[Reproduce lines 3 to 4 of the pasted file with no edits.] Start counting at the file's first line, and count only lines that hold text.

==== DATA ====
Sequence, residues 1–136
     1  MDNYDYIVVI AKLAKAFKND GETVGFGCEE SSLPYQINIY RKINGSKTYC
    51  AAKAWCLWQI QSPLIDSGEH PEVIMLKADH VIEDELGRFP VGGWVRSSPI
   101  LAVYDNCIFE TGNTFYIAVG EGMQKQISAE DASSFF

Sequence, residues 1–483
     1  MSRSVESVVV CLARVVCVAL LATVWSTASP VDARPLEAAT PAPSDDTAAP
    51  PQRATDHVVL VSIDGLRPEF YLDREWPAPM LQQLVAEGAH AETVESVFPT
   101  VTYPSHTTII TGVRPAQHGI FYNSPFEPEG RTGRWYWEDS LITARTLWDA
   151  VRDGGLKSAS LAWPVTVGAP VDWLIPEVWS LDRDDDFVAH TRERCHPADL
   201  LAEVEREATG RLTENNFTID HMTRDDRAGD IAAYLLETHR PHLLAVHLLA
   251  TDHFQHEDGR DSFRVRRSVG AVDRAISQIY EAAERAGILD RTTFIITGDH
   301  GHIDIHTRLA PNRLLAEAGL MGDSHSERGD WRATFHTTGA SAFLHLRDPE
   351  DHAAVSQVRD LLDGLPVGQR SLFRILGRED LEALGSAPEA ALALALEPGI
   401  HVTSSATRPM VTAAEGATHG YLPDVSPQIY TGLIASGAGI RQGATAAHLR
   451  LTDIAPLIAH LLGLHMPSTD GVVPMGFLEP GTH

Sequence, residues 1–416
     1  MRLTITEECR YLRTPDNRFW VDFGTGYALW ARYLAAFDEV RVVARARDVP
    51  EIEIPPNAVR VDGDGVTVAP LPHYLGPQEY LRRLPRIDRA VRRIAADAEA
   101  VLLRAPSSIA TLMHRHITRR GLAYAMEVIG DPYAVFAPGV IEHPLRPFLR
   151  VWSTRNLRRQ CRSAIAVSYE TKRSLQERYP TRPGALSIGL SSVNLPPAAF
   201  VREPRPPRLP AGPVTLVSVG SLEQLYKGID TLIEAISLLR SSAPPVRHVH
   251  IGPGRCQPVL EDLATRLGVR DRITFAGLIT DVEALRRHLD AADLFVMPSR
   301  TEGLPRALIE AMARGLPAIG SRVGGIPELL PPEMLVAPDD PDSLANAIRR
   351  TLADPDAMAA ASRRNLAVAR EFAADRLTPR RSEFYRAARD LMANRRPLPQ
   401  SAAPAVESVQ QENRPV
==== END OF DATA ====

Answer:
    51  AAKAWCLWQI QSPLIDSGEH PEVIMLKADH VIEDELGRFP VGGWVRSSPI
   101  LAVYDNCIFE TGNTFYIAVG EGMQKQISAE DASSFF